Joseph A. Harriss

Joseph A. Harriss is The American Spectator‘s Paris correspondent. His latest book is Jean Gabin: The Actor Who Was France (McFarland).


France: A Bad Case of Backlash


The French are a nation of incorrigible, rebellious frondeurs who resent those in power, whoever they might be. Sometimes the animosity turns viciously violent, as during the Jacquerie uprising of 1358, when overtaxed peasants went on a rampage against the nobility, one of whom they barbecued on a spit. In 1789 they had a new […]

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Racist, Moi?


Israel’s summer offensive against Hamas in Gaza sparked the predictable pro-Palestinian demonstrations across Europe. Organized by groups ranging from pro-Arab associations to far-left fringe parties, they were for the most part peaceful, but the Continent’s centuries-old anti-Semitism resurfaced in countries like Germany, the Netherlands, and Italy. In Paris they turned particularly ugly and vicious, with hateful […]

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Hollande’s Last Chance


Maybe the third try will be a charm for President François Hollande. After doggedly attempting to apply socialist dogma for his first two disastrous years in office and bringing the French economy to its knees, he reshuffled his cabinet again this summer. It has dawned even on this Socialist Party apparatchik that governing by tax-and-spend […]

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France’s Simmering Intifada


When gendarmes arrested seven Muslim militants in Strasbourg in a pre-dawn sweep last May, it was the first major move in the government’s stepped-up attempt to stem the flow of French jihadists to Syria to join al Qaeda’s fight against Bashar al-Assad. Not that France has any interest in propping up his regime, au contraire. […]

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The Shocking Monsieur Shakespeare


Bardolaters are enjoying a movable feast in this 450th anniversary year of William Shakespeare’s birth. It began appropriately enough in Stratford-upon-Avon last April with fireworks, a giant horse-drawn birthday cake, and the beflowering of his grave at Holy Trinity Church, after which the Royal Shakespeare Company performed Henry IV, Part 1. London’s Globe Theater is […]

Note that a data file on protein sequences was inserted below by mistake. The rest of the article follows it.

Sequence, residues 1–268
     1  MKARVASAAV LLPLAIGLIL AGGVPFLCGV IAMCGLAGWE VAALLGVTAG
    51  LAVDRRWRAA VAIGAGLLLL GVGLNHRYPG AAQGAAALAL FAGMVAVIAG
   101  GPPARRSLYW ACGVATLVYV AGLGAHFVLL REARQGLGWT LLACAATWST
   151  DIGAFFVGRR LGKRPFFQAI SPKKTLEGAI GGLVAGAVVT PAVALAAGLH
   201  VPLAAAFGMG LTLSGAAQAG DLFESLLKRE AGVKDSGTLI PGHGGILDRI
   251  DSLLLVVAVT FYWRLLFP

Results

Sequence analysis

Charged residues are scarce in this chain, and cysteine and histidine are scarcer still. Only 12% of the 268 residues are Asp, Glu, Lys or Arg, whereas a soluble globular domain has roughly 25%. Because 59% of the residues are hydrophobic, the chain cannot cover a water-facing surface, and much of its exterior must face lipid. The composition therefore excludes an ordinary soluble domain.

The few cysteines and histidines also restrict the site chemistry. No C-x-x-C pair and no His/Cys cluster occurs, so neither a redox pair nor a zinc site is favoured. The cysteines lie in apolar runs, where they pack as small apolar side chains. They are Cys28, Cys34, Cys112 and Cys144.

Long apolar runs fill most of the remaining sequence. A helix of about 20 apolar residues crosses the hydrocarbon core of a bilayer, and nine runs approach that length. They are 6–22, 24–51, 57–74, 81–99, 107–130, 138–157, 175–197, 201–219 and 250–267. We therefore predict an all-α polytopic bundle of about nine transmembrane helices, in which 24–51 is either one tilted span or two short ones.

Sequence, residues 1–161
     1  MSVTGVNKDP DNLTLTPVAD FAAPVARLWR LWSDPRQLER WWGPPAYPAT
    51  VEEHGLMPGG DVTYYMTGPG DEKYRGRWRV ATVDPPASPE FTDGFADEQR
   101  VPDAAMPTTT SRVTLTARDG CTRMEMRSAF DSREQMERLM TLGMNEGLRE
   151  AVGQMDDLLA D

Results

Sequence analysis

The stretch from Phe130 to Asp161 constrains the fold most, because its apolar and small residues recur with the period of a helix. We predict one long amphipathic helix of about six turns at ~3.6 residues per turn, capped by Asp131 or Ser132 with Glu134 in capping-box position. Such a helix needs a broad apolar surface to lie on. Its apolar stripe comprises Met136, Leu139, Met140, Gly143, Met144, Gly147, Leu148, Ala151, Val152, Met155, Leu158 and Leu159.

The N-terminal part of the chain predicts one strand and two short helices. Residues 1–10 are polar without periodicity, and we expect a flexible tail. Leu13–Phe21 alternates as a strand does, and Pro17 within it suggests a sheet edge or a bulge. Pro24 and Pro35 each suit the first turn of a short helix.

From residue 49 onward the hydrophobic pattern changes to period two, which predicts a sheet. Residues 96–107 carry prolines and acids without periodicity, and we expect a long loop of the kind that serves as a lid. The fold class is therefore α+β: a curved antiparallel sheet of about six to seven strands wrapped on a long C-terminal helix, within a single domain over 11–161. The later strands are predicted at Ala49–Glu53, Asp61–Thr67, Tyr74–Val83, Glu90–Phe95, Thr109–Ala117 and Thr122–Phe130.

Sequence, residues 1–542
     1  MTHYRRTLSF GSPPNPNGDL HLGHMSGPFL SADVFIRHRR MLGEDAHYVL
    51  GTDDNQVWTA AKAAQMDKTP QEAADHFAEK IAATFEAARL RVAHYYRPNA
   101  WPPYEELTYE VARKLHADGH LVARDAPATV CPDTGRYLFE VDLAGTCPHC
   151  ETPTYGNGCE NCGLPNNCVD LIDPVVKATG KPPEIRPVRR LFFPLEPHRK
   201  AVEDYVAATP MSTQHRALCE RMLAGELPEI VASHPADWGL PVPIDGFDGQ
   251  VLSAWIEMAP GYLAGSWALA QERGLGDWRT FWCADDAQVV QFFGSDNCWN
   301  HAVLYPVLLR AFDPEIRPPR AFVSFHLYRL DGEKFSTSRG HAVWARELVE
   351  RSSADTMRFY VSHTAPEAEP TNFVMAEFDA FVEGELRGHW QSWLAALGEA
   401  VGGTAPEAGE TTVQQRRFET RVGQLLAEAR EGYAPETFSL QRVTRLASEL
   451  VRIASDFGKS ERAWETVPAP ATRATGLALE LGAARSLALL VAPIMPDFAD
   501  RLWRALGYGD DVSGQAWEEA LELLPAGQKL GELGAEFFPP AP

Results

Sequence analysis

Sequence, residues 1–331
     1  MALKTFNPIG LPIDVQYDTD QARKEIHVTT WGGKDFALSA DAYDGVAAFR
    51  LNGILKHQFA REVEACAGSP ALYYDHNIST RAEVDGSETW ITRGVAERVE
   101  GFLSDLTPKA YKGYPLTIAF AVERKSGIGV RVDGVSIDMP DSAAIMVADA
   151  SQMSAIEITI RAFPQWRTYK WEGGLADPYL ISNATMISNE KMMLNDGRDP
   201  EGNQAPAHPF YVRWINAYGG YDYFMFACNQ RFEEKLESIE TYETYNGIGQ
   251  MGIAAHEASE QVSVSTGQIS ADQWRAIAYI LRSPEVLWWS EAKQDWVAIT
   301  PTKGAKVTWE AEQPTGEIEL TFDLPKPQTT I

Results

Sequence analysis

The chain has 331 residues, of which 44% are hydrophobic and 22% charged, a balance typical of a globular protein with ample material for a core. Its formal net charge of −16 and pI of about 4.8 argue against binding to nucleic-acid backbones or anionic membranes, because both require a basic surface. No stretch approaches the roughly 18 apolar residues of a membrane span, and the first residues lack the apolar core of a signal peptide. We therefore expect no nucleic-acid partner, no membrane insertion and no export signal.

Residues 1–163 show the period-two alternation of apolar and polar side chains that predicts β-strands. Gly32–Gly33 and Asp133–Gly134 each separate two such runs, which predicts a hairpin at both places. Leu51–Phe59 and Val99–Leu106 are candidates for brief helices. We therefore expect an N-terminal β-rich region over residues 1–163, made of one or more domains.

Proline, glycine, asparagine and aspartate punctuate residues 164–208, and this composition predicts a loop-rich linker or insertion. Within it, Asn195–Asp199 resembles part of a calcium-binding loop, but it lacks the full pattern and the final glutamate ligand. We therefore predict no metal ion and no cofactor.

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End of the European Dream?


Who says there’s anything wrong with the European Union? I mean, apart from the fact that it’s founded on little more than political hot air, that it’s profoundly undemocratic, that it struts and frets on the world stage, but, insecure about its own identity, is unable to muster either the will or the means to […]

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Mugging the Family


France’s pseudo-bolshevikian government has discovered a new problem in urgent need of a socialist solution: what to do about women. In the land where influential dames, if not dames,have for centuries dominated their menfolk beyond the wildest dreams of American feminists, where medieval knights were on their knees before their lady-loves while kings doted on […]

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Doing the Government Shuffle


President François Hollande, France’s most unpopular leader in the 56-year history of the Fifth Republic, has just been slapped upside the head with the worst electoral drubbing his Socialist Party — which he himself led for decades — has ever endured. In the second round of local elections last weekend it lost some 150 town […]

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No More Joy Girls In Paris?


France’s reputation for a relaxed attitude toward sex has long fed the world’s public opprobrium—and its secret fantasies. Mark Twain articulated the typical American attitude when he declared that “France has neither winter nor summer nor morals—apart from these drawbacks it is a fine country.” Media exposure of the recent scooter-borne nocturnal tomcatting by France’s […]

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Conflicted Over Ukraine


To understand Europe’s confused, conflicted reaction to Vladimir Putin’s brazen grab of real estate in its own back yard, look no further than the DCNS shipyards in the city of Saint Nazaire on France’s Atlantic coast. There riding at anchor is the pride of the French navy. A new model warship designed for the sort […]

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